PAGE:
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THE CRYPro-lGNITION KEY

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(c)

PCSM (C) One of our most intractable problems bas been to find ways to pactqe c~to-equipment in a way which will seriously deter penetration by a smart, well-equipped opponent with plentr~f time. The diftlculty is not much different than is flCed in the manufacture of threc-combination safes. The ~t we can seneraDy aft"ord can stand up to a covert penetration ell'ort by an expert only for 30 minutes or ~ and brute force attacks, leaving evidence, can be done much more quickly than that. Yet, these safes ~ massive and expensive. With a crypto-box, there are added difticulties in protectiDs Iosic or resident key"use X-ray devices or electronic probiq may recover the information without physical e n t r y . \ ,

(C) For many years we have known that technolosies do exist for building protective cocoons around objects that can in fact provide a very hish level of resistance to tamperiq witbout triggcrina some alarm. When we first encountered them, we rejected them out of hand as a practical solution to our problem because these "protective membranes" as they were called, could COIit on the order of 550,000, each.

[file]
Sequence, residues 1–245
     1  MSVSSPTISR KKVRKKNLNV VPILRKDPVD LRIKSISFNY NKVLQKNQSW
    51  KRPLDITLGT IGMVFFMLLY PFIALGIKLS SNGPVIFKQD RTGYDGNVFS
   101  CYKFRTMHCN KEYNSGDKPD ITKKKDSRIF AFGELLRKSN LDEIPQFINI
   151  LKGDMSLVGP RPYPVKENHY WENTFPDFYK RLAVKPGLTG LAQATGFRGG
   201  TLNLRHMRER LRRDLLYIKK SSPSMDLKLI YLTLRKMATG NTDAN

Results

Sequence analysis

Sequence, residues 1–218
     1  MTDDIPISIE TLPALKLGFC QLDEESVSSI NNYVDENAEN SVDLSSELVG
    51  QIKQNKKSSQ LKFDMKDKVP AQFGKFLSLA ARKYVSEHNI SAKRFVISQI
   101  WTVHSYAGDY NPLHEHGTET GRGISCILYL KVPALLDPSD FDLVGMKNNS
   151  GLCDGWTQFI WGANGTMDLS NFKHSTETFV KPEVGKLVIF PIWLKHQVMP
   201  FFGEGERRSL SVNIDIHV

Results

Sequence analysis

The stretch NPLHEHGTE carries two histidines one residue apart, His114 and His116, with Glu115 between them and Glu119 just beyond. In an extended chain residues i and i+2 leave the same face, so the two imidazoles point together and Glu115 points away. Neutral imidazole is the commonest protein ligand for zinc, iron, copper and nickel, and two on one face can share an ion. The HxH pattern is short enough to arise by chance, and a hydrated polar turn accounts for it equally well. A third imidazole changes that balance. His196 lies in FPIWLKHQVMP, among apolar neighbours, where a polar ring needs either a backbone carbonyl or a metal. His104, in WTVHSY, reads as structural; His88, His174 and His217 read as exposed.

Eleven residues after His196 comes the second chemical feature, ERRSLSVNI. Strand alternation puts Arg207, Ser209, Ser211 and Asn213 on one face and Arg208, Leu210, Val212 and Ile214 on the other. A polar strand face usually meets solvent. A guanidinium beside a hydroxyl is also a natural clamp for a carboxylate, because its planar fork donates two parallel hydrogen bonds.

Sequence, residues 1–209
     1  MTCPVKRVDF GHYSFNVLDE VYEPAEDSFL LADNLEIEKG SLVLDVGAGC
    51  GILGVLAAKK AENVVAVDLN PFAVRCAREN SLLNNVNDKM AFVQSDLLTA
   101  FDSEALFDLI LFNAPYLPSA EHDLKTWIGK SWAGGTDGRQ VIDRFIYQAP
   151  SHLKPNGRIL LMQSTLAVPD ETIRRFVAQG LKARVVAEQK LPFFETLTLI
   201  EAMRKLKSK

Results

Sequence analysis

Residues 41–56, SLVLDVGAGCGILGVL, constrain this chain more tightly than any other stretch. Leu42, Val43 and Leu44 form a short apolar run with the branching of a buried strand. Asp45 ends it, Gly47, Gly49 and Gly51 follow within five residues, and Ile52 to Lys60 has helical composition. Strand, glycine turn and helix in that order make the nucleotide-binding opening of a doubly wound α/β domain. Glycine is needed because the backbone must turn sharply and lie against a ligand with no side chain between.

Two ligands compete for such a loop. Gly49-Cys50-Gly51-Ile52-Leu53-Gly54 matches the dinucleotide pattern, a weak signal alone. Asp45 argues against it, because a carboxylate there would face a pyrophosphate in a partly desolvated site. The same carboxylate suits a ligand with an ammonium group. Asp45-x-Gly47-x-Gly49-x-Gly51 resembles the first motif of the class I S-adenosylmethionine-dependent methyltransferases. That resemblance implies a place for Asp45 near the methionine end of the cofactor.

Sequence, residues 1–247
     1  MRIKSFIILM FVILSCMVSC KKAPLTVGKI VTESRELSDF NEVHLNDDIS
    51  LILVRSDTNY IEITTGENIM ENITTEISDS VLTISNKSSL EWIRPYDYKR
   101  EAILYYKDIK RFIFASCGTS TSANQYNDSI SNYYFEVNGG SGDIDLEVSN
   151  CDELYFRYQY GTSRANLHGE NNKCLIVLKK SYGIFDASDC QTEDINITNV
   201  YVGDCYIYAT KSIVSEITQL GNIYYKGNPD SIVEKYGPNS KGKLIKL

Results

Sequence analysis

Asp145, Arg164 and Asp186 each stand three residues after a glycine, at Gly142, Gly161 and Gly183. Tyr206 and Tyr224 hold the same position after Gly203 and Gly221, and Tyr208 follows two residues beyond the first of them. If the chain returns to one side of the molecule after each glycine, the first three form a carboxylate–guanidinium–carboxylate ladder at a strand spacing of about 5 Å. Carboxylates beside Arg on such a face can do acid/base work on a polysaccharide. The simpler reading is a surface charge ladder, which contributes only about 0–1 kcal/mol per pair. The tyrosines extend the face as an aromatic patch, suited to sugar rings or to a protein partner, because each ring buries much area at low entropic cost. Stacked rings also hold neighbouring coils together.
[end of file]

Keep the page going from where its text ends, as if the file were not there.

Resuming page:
(8

Nn

But more than ftftccn years have passed since our ftrst encounter with the technique. The process

has been refined, and it now appears that we m/glll be able to get such packages for under 5500 apiece if we